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Superior Court Grants Summary Judgment in Emotional Distress Case

August 27, 2013

On May 28, 2013, in Department 6 of the Riverside Superior Court, Judge Robert Taylor granted the defendants' Joint Motion for Summary Judgment in an intentional infliction of emotional distress case handled by Robert H. Panman and Lisa D. Angelo.

In June 2011, George Ross, Jr. enrolled in a summer law school admissions examination preparatory course offered by The Princeton Review. In a verified complaint, the plaintiff (who was in pro per) alleged that the prep program, its director and one of its instructors collectively and intentionally caused him to suffer from emotional distress when they questioned him about matters pertaining to attendance and participation, including disruptions created by using his phone during class and getting out of his seat to use the restroom. The plaintiff was ultimately dismissed from the course several weeks before its completion. The plaintiff sought one million dollars and punitive damages for loss of future earnings since he claimed this affected his performance on the October 2011 LSAT examination, and his ability to gain acceptance to law school and become a lawyer. Murchison & Cumming defended The Princeton Review, a director of the program and a course instructor in this action.

In October 2012, the defendants filed a Joint Motion for Summary Judgment as to the plaintiff's complaint. At the hearing on the defendants' Motion for Summary Judgment, the court found that undisputed material facts showed: (1) the plaintiff attended the defendants' LSAT course in June 2011 and was dismissed less than two months later in August 2011; (2) the defendant had a policy which included the right to dismiss disruptive students; (3) the plaintiff testified at his deposition that he knew about the defendants' dismissal policy; and (4) that the plaintiff was dismissed from the defendants' LSAT preparatory because he was disruptive.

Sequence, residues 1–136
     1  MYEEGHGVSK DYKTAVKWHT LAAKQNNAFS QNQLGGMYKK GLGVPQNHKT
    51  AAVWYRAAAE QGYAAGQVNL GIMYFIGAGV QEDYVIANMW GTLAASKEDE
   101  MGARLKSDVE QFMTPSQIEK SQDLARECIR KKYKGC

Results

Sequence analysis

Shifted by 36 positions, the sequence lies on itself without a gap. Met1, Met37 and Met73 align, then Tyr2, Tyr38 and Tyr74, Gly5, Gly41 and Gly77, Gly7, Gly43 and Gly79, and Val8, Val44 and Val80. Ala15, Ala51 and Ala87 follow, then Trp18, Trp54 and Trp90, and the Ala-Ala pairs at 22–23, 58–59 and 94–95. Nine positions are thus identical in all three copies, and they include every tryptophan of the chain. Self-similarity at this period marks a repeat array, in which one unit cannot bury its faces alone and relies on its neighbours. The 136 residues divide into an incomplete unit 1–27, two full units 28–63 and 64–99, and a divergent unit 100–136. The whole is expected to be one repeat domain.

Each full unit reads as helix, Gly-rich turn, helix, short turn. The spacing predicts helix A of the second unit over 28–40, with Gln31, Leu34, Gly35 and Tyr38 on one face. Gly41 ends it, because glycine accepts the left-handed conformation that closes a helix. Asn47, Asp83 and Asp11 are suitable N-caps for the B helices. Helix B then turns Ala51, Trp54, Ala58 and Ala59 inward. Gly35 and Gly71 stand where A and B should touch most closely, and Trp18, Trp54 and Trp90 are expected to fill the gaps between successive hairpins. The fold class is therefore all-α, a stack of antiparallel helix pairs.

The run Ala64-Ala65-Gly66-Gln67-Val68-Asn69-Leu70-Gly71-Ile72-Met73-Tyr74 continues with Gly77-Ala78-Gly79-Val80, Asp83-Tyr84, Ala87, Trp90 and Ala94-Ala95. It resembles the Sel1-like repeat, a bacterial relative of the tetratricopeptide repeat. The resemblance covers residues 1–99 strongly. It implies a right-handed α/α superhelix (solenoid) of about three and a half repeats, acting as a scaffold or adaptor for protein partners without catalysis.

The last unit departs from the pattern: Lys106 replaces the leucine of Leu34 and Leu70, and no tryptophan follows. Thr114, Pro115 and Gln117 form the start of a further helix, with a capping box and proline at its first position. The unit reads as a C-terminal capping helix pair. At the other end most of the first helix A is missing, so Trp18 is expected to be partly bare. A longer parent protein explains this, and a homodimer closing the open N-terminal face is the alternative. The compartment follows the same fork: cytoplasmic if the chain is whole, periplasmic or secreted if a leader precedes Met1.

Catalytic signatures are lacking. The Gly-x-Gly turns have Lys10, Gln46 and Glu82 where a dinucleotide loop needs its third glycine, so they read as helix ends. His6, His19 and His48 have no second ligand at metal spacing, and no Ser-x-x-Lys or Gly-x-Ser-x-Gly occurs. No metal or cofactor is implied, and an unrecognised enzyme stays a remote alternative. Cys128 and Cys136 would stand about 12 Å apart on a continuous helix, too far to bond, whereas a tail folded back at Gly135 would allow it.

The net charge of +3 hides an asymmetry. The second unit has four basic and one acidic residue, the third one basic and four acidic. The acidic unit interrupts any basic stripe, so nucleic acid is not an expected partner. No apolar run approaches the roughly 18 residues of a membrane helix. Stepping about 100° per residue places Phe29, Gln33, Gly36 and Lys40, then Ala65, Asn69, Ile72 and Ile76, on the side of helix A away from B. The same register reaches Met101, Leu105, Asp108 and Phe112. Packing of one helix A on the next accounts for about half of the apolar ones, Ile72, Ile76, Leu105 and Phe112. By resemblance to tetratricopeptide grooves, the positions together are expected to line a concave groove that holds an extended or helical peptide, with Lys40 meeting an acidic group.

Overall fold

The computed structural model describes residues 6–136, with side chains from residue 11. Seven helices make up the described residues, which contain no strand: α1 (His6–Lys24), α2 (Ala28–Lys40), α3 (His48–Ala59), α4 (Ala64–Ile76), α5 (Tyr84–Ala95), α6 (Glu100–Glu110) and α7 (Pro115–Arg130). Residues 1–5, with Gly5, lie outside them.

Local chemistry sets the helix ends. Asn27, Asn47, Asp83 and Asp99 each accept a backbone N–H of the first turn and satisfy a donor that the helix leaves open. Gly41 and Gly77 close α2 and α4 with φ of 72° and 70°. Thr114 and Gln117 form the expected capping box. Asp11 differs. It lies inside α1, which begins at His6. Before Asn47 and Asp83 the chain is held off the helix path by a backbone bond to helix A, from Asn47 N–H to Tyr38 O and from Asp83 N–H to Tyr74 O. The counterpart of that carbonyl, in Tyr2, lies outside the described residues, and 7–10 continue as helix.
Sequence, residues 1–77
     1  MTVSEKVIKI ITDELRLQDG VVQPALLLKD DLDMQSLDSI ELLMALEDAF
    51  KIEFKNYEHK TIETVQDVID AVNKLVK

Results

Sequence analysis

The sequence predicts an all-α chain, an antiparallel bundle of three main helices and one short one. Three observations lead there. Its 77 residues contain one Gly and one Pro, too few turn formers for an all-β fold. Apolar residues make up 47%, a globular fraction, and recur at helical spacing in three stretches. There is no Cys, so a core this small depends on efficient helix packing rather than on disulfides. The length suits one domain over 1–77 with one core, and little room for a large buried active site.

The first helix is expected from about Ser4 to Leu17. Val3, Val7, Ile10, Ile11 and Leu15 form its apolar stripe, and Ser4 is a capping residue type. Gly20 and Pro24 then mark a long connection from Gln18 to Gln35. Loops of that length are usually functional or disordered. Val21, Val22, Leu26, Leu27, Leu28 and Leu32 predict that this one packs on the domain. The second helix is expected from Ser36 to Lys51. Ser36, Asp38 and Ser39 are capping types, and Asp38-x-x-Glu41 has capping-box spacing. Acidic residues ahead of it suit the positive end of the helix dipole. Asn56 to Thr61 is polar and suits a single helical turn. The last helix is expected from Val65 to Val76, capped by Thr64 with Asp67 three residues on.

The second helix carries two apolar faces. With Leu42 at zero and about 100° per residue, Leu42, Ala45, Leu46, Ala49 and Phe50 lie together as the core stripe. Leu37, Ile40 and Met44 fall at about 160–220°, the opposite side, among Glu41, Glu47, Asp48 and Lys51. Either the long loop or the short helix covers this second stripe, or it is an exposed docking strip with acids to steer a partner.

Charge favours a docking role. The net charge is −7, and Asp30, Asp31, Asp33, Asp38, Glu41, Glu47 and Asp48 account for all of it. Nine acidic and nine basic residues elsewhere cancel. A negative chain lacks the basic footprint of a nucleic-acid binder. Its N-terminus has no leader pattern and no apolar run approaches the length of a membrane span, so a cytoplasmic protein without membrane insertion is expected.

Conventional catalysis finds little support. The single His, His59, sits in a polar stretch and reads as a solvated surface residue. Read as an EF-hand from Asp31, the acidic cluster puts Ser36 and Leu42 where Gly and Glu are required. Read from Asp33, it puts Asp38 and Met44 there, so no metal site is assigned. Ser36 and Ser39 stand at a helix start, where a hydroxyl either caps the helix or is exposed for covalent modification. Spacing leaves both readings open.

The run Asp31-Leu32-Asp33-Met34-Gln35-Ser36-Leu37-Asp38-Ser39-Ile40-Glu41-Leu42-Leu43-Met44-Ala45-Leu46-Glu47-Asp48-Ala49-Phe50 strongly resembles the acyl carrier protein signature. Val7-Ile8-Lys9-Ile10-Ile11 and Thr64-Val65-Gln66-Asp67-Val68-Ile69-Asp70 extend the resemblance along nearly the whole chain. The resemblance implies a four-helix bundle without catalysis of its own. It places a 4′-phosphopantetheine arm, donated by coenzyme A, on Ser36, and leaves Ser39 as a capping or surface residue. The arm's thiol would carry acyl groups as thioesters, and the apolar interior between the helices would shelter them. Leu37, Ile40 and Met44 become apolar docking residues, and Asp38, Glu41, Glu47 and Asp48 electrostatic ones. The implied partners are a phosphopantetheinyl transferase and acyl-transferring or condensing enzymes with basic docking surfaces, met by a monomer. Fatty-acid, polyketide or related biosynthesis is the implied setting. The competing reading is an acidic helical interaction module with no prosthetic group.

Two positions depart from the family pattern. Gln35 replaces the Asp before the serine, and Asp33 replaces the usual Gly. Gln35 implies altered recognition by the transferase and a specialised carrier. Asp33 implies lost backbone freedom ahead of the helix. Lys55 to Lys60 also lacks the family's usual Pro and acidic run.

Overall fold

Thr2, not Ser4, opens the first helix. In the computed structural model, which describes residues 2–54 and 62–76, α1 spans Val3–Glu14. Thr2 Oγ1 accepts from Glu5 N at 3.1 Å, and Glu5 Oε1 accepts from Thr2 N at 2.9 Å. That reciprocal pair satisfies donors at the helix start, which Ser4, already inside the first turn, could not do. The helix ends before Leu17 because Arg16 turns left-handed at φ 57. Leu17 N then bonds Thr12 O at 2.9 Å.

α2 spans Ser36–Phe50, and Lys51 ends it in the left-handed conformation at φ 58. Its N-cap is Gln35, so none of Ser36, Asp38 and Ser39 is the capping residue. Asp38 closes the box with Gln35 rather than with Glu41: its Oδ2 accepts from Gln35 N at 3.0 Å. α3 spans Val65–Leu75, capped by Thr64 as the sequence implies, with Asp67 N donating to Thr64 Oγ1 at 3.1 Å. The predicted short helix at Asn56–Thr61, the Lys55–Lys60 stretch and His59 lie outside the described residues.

As to the individually named defendants, the court held that their alleged conduct did not rise to the level of "extreme and outrageous conduct" and, based upon complaints from other students, which the court also found uncontroverted, statements made by the individual defendants to the plaintiff such as, "Why do you even bother showing up to class?" and actions, including dismissal from class, seemed fit. As to the plaintiff's repeated contention that he was wrongfully targeted for simply getting up to use the restroom, the court found the plaintiff "mischaracterized" not only his verified complaint allegations but ignored the admissible evidence from the defendants. The court explained, "defendants did not dismiss [plaintiff] from class for going to the bathroom on one occasion, they dismissed [plaintiff] for being disruptive, irate, talking on the phone, arguing with the proctors." Citing Cochran et al. v. Cochran, Jr., 65 Cal. App. 4th 488 (1998), the court then stated, "even if the [bathroom] allegations were true, that conduct does not rise to the level of extreme and outrageous conduct under California law." Lastly, the court overruled all of the plaintiff's objections to evidence, sustained all of the defendants' objections to the plaintiff's evidence and held that, in addition to their evidentiary defects, the plaintiff's declarations in support of his opposition to the Motion for Summary Judgment failed to address any actual legal issues including the key issue of disruption.